“Side Effects”: Steven Soderbergh’s Sedated Swan Song

“Side Effects”: Steven Soderbergh’s Sedated Swan Song
Jude Law in a scene from "Side Effects"
(Courtesy Open Road Films)

Over the last three decades, Steven Soderbergh has been the most versatile, not to mention hyperactive, of Hollywood directors and, as befits the movie that he has said will be his swan song, “Side Effects” showcases much of what the just 50-year-old filmmaker does best.

Soderbergh had often spoken of moving on. When I included him last year as one of 10 directors to watch I kind of assumed that, given his range, he would ultimately stick with cinema. (There’s one more movie in the can — a long-germinating Liberace biopic, “Behind the Candelabra,” with Michael Douglas as the flamboyant pianist and Matt Damon as his lover, will be cablecast on HBO.) But, even retired, Soderbergh serves an example. His intellectual curiosity, technical facility, and ease in moving back and forth between performance documentaries, star-studded studio pictures, low-budget experiments, genre flicks, blatant Oscar-bait, and unclassifiable cinematic “follies” like the “Solaris” remake and his four-hour “Che” (two of his strongest efforts, in my opinion) makes him a model modern filmmaker. Without him, his only two peers, Richard Linklater and Gus Van Sant, will be more or less out there by themselves.

“Side Effects,” which might be described as a psychiatric thriller (as “Contagion” was a forensic one), is a skilled, sveltely directed piece of work co-starring Rooney Mara, sans tattoo, as a young woman who commits an appalling crime while under the zombie influence of an experimental antidepressant drug, and Jude Law as her beleaguered, increasingly hysterical psychiatrist. Soderbergh semi-regular Catherine Zeta-Jones has a juicy supporting role as another shrink. The script, by Scott Z. Burns (who wrote “Contagion”), is laden with moral ambiguities: Does legal culpability lie with the doctor or the patient? What about the pharmaceutical companies? Who is the victim and how much consciousness is required to establish intent? What is acting anyway? (The latter is a long-standing Soderbergh concern and “Side Effects” derives considerable tension from the “performing” performance delivered by its small, thin, intense leading lady.)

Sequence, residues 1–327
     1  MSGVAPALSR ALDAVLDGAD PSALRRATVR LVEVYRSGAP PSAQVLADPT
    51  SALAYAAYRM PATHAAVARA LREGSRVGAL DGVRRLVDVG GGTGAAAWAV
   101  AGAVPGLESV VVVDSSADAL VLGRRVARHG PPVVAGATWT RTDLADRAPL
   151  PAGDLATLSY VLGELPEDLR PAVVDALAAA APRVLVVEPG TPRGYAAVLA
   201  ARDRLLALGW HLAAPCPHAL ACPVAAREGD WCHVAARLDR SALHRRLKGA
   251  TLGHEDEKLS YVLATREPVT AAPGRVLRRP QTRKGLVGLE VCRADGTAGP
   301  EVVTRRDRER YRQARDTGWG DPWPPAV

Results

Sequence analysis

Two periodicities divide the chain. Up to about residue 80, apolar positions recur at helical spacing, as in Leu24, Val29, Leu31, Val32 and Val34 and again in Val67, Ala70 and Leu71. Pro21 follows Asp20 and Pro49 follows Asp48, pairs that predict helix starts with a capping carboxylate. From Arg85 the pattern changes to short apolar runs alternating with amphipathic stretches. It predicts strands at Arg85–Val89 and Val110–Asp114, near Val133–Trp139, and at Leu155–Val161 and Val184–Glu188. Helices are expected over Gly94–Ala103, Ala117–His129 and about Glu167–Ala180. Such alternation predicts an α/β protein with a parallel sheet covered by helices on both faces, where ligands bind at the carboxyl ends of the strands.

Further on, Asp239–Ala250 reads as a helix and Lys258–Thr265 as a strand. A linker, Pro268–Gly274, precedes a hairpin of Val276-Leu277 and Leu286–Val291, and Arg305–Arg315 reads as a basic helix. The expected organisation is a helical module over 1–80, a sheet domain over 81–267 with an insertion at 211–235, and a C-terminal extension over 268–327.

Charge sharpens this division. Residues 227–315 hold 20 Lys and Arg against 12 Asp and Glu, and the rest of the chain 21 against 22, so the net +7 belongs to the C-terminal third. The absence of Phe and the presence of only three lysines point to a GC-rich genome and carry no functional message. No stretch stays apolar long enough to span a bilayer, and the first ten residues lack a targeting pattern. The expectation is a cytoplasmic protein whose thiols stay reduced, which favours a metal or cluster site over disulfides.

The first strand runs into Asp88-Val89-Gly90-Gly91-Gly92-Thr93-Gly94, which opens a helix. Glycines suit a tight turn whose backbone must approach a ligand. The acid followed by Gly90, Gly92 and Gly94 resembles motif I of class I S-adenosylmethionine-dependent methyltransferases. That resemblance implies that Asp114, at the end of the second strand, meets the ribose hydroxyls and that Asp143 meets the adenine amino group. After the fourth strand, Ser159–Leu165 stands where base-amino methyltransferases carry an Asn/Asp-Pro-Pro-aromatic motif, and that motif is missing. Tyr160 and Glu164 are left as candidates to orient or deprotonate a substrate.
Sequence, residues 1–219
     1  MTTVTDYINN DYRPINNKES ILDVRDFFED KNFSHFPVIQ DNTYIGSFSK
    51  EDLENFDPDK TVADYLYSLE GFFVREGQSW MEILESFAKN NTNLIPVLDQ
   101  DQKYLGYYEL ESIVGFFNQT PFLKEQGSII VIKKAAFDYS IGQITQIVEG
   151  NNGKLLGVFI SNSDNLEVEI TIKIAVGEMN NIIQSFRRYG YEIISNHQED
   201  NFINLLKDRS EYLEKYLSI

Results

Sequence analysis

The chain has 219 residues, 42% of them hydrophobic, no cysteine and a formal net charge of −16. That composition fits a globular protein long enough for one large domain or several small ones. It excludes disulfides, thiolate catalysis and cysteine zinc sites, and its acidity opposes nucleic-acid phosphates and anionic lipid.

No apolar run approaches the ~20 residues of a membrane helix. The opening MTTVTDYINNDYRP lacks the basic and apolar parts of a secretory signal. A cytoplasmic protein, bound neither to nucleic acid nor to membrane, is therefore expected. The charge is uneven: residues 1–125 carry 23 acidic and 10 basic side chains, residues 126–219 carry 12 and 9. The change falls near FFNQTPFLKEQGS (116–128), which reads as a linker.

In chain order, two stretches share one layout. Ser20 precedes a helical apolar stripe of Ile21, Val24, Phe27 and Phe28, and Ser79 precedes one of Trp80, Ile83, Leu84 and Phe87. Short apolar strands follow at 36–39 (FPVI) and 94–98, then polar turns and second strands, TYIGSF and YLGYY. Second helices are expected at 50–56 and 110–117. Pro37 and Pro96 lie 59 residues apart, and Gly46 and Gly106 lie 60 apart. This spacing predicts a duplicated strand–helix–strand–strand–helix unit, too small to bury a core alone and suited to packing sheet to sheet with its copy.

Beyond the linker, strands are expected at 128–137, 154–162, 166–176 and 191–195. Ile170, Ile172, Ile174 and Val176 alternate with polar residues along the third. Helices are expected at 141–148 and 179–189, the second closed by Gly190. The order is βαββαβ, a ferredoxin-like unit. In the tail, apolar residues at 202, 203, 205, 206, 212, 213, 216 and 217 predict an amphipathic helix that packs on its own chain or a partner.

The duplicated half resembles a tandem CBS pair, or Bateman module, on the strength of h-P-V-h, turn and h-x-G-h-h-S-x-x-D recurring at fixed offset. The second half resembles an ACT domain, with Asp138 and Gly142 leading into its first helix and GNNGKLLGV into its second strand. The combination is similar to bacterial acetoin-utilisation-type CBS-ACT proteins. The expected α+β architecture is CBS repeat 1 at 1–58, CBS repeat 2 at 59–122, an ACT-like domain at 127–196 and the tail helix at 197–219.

Terse yet anecdotal, “Side Effects” moves smartly along; it’s maximally involving and skillfully atmospheric. Shot as usual by the director himself (under the name Peter Andrews), the action shifts from one mega institution to another (prison, hospital, facility for the criminally insane). The system is all encompassing and Manhattan’s chill solitude casts an additional pall. The city seems simultaneously grandiose and sedated. Still, there’s a certain glibness. For all the cosmic perspective afforded by Soderbergh’s soaring crane shots, the lift they provide is not sufficient to support the viewer’s suspension of disbelief. The great Hitchcock has been evoked by many reviewers. Critics will certainly be sorry to see Soderbergh go, but I doubt their flattery will persuade him to stay.

For all its rug-yanks and transference of guilt, “Side Effects” is less a master class in audience-manipulation than a throwback to the sweaty, character-driven thrillers of the Michael Douglas era. “Side Effects” has numerous points of contact with “Fatal Attraction” and “Basic Instinct.” Like them, it’s not particularly PC but unlike these much maligned, proudly florid crowd-pleasers, it lacks a certain unbridled nastiness. The palette is not the only thing that seems subdued in “Side Effects.” Perhaps this is the movie in which, preparing for a change, Soderbergh gave vent to his own depression.

Read more J. Hoberman at Movie Journal.